(Bloomberg) -- Due diligence in the sometimes shadowy universe of digital money often means trying to unscrew the inscrutable.
Bitfinex, one of the largest virtual-currency markets, has been a particular mystery in the crypto world. It was dumped early last year by Wells Fargo & Co. and since then it’s been a secret how the exchange could transfer fiat money, still the lifeblood of global finance, without a bank.
According to three people with knowledge of the matter, Noble Bank International, based in San Juan, Puerto Rico, took over banking duties for Bitfinex last year. As a stopgap between Wells Fargo’s exit and Noble’s entrance, Bitfinex used a string of third-party accounts based in Panama City to stay in the game, according to online documents.
Also affected is Tether, a digital currency traded on cryptoexchanges worldwide that shares a management team with the exchange, including Chief Executive Officer Jan Ludovicus van der Velde. While little public information exists about how Tethers are created, it generally trades for around $1 because each coin is supposed to be backed by $1 of fiat money in a bank. The currency, which started trading in 2015, is described as a stable alternative to Bitcoin’s volatility and can act as a safe haven for crypto investors.
Other inscrutables enshroud the two businesses. British Virgin Islands-based Bitfinex and Tether were subpoenaed by the U.S. Commodity Futures Trading Commission in December. The regulator is investigating whether Tether’s $2.1 billion in customer money backing its virtual coin is really there, a person familiar with the matter said in January. The companies have yet to provide conclusive evidence to the public of its holdings. The lack of transparency has led critics to accuse Bitfinex and Tether of artificially pumping up the price of Bitcoin and other digital currencies.
“I, and many others, suspect Tether is being used to effectively counterfeit hundreds of millions of dollars of perceived value, which are being immediately reinvested into Bitcoin,” Tony Arcieri, a software engineer and independent security analyst, said in a Jan. 19 report.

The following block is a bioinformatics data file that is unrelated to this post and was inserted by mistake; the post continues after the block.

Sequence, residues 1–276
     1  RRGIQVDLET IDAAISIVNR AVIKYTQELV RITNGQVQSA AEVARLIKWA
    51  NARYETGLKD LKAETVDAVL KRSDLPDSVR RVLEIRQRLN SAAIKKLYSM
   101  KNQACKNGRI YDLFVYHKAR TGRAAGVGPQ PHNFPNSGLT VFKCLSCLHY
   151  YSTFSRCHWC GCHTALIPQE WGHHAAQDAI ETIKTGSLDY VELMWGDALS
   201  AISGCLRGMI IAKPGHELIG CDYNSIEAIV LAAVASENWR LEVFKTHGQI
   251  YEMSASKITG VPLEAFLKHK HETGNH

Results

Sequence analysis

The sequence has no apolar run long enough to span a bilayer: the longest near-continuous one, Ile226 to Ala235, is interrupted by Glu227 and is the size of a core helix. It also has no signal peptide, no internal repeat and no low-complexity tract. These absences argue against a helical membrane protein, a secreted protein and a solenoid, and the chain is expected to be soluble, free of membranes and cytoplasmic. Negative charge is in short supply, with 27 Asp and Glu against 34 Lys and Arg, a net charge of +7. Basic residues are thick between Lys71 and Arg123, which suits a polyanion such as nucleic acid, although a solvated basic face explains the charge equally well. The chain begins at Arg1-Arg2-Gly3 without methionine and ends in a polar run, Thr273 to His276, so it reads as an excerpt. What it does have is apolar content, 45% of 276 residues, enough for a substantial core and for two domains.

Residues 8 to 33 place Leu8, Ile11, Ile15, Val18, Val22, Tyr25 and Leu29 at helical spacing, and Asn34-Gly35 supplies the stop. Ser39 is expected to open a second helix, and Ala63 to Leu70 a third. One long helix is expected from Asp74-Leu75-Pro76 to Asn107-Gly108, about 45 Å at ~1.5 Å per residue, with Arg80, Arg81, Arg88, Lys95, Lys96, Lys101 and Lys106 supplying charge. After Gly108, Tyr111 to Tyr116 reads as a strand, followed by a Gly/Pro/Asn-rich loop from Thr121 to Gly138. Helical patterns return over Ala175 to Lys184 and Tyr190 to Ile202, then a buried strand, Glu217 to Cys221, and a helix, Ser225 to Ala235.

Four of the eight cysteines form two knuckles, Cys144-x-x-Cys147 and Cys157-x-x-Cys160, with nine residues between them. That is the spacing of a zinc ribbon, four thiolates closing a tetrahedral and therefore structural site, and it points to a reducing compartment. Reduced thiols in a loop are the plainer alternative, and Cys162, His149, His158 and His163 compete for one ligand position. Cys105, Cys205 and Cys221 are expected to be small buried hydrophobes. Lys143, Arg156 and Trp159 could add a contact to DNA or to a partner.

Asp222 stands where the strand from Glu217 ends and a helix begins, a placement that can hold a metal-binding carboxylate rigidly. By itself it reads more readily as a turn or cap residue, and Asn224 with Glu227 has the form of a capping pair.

The U.S. Justice Department has opened a criminal probe into whether traders are manipulating the price of Bitcoin and other digital currencies, Bloomberg reported Thursday, citing four people familiar with the matter.
The destinies of Bitfinex and Tether have repercussions around the world. Tether, the most-traded virtual money behind Bitcoin, has become the glue that holds together a lot of the $375 billion cryptocurrency market. Most banks, fearing money laundering and other shenanigans, have steered clear of the industry. Because Tether has provided a stable value in place of the dollar wherever bank accounts are difficult or impossible to get, an interruption or collapse would make it tough for many crypto traders to cash out.
Friedman LLP, a New York-based auditing firm, was also subpoenaed by the CFTC after Tether hired it last year to assess claims that Tether held enough U.S. dollars, according to a person familiar with the matter.
Most traditional financial institutions, bound to strict government regulations on money laundering and customer verification, don’t want to risk putting their reputations on the line by getting involved with an industry that many still associate with criminal activity. The concern is so great that Bank of America Corp., Capital One Financial Corp. and Discover Financial Services have banned customers from buying virtual money with credit cards they issue.